Magnet users of all experience levels have likely heard of magnetic force and magnetic fields. While these phrases are used quite often, many might not be aware of the difference between them. Today, we are taking a look at the basics of both concepts. 

Magnetic Field 

A magnetic field is actually a vector field in the area of a magnet composed of moving electric charges. The size and strength of a magnetic field can fluctuate depending on the current produced by the respective magnet. As you might expect, the magnetic field is stronger if you are close to the magnet and gets weaker as you move away from it.    There are field lines in place to give you a better understanding of how the field looks and is produced. The lines exit at the north pole of a magnet and re-enter the magnet through the south pole. These lines don’t actually stop, however, as they constantly make the same loops. 

Magnetic Force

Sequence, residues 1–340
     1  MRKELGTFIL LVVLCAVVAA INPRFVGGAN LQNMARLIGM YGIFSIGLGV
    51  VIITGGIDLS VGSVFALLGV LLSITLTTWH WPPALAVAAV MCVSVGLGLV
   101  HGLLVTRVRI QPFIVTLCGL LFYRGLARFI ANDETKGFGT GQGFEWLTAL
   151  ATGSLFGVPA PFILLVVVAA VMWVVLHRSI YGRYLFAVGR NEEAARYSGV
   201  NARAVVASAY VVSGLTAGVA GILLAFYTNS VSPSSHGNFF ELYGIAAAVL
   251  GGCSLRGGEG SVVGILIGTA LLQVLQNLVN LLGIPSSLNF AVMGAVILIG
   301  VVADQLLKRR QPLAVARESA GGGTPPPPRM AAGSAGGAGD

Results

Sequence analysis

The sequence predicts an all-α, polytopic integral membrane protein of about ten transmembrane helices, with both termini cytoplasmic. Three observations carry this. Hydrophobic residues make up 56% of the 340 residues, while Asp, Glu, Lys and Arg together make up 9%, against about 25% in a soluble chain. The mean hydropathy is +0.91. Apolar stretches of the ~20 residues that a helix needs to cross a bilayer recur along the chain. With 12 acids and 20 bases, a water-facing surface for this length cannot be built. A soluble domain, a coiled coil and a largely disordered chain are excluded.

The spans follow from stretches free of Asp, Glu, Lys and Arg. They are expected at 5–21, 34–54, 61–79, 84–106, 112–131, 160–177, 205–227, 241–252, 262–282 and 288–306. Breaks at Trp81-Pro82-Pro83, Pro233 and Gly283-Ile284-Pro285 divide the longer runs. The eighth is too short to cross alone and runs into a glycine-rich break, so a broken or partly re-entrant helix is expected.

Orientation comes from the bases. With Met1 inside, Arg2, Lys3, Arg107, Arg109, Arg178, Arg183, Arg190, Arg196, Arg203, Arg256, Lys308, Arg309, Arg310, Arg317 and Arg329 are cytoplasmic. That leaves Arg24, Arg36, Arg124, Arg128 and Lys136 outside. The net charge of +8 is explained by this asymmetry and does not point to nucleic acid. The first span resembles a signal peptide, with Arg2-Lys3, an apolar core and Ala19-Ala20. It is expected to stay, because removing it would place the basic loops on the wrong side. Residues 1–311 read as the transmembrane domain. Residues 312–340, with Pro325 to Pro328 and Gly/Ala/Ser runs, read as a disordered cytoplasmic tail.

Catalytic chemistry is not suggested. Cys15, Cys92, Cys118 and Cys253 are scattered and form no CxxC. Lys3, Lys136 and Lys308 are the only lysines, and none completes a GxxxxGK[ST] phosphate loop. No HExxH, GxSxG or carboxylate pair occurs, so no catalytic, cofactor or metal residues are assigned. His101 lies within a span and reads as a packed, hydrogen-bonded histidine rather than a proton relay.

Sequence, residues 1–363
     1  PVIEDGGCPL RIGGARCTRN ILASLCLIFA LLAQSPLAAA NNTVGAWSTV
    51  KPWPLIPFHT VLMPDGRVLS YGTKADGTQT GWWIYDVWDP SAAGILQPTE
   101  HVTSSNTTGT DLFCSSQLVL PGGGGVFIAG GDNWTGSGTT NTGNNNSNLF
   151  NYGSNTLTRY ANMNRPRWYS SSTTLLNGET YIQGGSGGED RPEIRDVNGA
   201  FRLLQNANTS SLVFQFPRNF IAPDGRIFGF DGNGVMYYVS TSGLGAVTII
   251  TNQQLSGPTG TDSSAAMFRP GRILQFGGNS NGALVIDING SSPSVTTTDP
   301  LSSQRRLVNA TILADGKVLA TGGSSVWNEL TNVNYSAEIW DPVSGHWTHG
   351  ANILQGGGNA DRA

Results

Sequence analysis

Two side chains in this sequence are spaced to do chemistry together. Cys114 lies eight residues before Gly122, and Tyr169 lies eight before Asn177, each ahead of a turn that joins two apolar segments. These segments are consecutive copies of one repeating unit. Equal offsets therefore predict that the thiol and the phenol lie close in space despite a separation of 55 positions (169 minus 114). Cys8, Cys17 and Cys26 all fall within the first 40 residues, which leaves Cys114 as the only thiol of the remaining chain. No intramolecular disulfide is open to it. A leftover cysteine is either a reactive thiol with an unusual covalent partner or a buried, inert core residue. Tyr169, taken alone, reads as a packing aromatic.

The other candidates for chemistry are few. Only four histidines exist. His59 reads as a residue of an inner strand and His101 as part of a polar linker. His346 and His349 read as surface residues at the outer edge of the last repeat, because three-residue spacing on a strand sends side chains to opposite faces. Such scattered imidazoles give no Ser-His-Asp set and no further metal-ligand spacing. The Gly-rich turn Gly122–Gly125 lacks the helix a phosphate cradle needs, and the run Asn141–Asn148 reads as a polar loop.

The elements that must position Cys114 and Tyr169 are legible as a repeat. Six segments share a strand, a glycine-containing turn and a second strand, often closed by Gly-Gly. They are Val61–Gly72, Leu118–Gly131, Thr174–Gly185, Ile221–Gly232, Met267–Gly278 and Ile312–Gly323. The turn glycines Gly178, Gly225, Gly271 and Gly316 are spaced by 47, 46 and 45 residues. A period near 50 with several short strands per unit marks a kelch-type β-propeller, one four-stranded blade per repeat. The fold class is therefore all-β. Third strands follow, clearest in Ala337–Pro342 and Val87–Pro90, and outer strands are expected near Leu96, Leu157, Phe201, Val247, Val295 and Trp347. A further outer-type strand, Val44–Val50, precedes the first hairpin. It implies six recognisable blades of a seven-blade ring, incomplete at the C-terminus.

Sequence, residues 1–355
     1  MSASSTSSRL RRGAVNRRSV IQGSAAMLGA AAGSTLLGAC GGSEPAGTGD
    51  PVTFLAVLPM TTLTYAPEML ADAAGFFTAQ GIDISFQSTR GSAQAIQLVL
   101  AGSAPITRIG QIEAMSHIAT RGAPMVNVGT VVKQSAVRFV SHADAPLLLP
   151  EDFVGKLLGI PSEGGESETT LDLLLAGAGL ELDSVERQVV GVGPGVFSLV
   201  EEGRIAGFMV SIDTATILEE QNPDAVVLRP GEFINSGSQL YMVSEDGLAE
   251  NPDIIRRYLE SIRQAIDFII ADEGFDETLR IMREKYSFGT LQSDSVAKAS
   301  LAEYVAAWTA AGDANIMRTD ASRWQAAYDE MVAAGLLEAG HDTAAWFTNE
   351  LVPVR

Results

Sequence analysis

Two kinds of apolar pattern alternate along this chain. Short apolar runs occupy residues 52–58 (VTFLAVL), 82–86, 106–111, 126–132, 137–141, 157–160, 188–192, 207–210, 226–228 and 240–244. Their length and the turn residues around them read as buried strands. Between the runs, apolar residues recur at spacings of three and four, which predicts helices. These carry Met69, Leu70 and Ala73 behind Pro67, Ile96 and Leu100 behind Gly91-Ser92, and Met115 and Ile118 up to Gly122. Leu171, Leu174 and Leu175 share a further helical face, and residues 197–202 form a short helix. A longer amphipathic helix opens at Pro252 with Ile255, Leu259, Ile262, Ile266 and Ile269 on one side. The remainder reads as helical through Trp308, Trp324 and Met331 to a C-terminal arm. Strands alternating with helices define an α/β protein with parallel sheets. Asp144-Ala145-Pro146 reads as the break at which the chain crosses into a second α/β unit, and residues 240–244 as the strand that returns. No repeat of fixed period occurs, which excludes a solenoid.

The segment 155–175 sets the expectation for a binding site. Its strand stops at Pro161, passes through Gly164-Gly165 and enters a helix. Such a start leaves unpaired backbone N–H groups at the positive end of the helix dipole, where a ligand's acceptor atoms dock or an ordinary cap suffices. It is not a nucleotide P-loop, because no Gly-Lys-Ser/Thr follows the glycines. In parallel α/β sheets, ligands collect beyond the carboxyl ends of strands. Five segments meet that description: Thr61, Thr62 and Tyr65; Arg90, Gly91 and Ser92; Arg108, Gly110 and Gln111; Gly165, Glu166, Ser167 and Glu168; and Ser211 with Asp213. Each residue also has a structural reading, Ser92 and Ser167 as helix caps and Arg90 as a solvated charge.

Thanks to the magnet field, we can also begin to understand magnetic force, which is the force exerted by your magnet onto another object as a result of two moving charges. This is actually considered to be a non-contact force since the magnet can attract items made out of iron, steel, and nickel without there being any contact. While magnetic force can be attractive, this is not always the case. If you were to match up two north or south poles, there would be repulsion.   See these principles in action by placing a nail or paper clip on a table and pushing a magnet toward it. You will see the items attraction to the magnet on full display. Likewise, grab another magnet and line up the poles to feel repulsion. 

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